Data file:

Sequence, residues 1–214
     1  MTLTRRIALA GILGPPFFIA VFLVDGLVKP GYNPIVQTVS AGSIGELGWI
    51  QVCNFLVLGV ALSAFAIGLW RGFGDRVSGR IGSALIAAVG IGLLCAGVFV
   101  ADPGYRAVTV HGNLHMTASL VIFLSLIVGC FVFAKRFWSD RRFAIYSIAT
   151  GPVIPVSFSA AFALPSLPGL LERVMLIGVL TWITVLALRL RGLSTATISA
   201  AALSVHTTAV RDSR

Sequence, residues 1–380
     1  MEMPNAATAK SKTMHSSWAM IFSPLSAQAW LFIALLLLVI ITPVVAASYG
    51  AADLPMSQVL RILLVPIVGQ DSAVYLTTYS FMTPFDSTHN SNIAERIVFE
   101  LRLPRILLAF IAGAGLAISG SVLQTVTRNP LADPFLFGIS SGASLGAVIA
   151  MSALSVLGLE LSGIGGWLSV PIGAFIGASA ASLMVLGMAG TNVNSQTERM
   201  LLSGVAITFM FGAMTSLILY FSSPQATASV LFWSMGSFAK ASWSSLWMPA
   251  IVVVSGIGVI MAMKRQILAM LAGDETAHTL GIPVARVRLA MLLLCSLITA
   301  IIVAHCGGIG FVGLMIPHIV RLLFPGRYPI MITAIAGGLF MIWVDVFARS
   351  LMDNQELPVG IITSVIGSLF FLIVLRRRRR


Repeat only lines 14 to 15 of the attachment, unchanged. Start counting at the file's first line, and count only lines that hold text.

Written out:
   301  IIVAHCGGIG FVGLMIPHIV RLLFPGRYPI MITAIAGGLF MIWVDVFARS
   351  LMDNQELPVG IITSVIGSLF FLIVLRRRRR